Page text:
Green projects good, roads bad
Another view expressed is that projects are most likely to be given the go-ahead when they accord with certain political agendas – arguably at the expense of unfashionable projects which may nonetheless be much needed. Says Levita: “When the government decided to push the button to re-boot the economy, they identified two types of project. The most effective, useful and ready to go are ‘old economy’ projects such as motorways, but they are not politically compatible with the new ‘green trend’. Green projects are good politically, but they were less ready.”
Levita feels that improvements could be made if more key decisions were made at a local rather than a national level: “The big projects are driven by government. You could imagine in addition to that, more projects run locally with competencies at the local level. France is, after all, supposed to be decentralised.”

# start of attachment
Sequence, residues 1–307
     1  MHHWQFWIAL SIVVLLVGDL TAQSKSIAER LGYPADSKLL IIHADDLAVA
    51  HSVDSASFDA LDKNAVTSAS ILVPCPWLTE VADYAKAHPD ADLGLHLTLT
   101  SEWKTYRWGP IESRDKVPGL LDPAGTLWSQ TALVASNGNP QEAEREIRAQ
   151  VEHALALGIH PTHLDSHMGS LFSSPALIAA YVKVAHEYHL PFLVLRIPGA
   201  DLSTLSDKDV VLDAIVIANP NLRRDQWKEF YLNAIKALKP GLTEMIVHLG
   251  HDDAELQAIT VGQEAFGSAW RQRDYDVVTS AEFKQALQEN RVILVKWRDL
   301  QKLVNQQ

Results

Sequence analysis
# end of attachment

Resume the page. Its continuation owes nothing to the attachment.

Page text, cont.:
There is also a view, however, that those in government have, in the words of Thierry Déau, “kind of got it”. He adds: “The administrative and technical side are more aware of the issues. In terms of MAPP [Mission d’Appui, the French government’s PPP task force], and what it imposes in terms of conditions to access the state guarantees, it’s clear they now know that too much leverage is not a good idea. They understand the issues.”
Déau explains that “issues” in the past have stemmed from inappropriate deal structuring: “It’s very obvious about PPPs pre-crisis that a lot of structures were poorly done. There was a poor transfer of risk. With some of these fragile structures, if it blows up you don’t know what happens except for the fact that the government may have to pick up the pieces. The crisis was a good thing because the crazy people who provided too much liquidity have now gone away.”